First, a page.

Sen. Elizabeth Warren (D-MA) – whether unintentionally or intentionally – has been using her ideological counterpart Sen. Bernie Sanders (I-VT) as somewhat of a “human shield” to dodge political criticism, Politico assesses.
While Warren and Sanders generally hold similar views – something that became evident during the last Democrat debate in Detroit, where the two senators teamed up to defend Medicare for All– Sanders appears to get more criticism from the media, some say.
Per Politico’s playbook:
HAVE YOU NOTICED that nobody in the Democratic field ever attacks Elizabeth Warren? Sure, a few of the more centrist candidates — Michael Bennet, Joe Biden, John Delaney, Amy Klobuchar — will sort of verbally subtweet her, but their criticisms of lefty policy ideas like “Medicare for All” are aimed just as often at Bernie Sanders as they are at Warren.
THIS PHENOMENON HAS ALLOWED WARREN to effectively use Sanders as a human shield. Or maybe she’s more like a cyclist, drafting off Bernie’s leg work until it’s time to blow past him for the finish. Her patient approach, along with her message discipline and lack of errors, has allowed her to rise steadily in the polls. Is Biden going to wake up one day to find her right on his six?
While it is true that most criticisms of Medicare for All have been geared toward Sanders, he has been demonstratively more vocal and honest about his efforts. Warren, however, has yet to provide details of her comprehensive plan, which may explain why she has not had as much of a target on her back.
During the first Democrat debate, Warren failed to provide details on how she would go about fixing the current healthcare system, but Warren affirmed during a show-of-hands question that she “would abolish” private health insurance in favor of a government-run plan.”
“I’m with Bernie on Medicare for All. And let me tell you why,” Warren told NBC’s moderator Lester Holt:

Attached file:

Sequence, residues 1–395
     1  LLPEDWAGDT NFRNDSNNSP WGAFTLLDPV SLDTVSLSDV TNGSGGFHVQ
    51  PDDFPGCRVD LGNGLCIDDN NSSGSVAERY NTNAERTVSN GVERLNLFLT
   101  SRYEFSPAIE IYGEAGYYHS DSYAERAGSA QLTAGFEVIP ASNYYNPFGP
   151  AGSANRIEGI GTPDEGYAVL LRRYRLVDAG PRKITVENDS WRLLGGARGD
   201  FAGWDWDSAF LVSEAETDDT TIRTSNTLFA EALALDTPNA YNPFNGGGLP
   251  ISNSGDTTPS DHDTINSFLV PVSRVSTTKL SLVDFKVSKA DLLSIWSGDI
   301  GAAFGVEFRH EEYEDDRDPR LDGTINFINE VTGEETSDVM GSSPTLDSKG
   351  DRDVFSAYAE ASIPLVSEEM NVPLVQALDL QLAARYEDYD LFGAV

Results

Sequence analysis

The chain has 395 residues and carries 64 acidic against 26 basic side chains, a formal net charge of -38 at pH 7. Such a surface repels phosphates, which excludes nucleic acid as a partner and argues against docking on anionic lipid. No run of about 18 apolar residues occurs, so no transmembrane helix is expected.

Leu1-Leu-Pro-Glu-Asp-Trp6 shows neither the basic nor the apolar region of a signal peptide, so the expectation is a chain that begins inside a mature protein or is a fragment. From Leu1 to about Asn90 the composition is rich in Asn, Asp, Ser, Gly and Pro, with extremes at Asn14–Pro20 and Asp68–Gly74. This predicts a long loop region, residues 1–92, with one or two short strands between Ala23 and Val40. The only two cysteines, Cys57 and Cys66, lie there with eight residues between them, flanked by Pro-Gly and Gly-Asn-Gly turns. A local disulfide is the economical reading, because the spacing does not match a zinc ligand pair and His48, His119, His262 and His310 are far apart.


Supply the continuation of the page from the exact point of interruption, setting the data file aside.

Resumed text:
Look at the business model of an insurance company. It’s to bring in as many dollars as they can in premiums and to pay out as few dollars as possible for your health care. That leaves families with rising premiums, rising copays, and fighting with insurance companies to try to get the health care that their doctors say that they and their children need. Medicare for All solves that problem.
Warren failed to provide details of her Medicare for All plan during her explanation, instead slamming critics who described her ideas as unrealistic.
“There are a lot of politicians who say, “Oh, it’s just not possible. We just can’t do it’ — have a lot of political reasons for this,” she said.
“What they’re really telling you is they just won’t fight for it. Well, health care is a basic human right, and I will fight for basic human rights,” she added.
Warren dodged a question on Medicare for All again during an AARP/Des Moines Register Presidential Forum, refusing to say definitively if her plan would eliminate private insurance:
Meanwhile, Sanders has unabashedly defended his support for Medicare for All, even telling concerned union members that his plan would “absolutely” erase union health benefits:
Warren and Sanders are neck and neck in the polls, switching back and forth between second and third place. Less than one point separates the two candidates according to the current Real Clear Politics average– 16 percent for Sanders and 15.4 percent for Warren.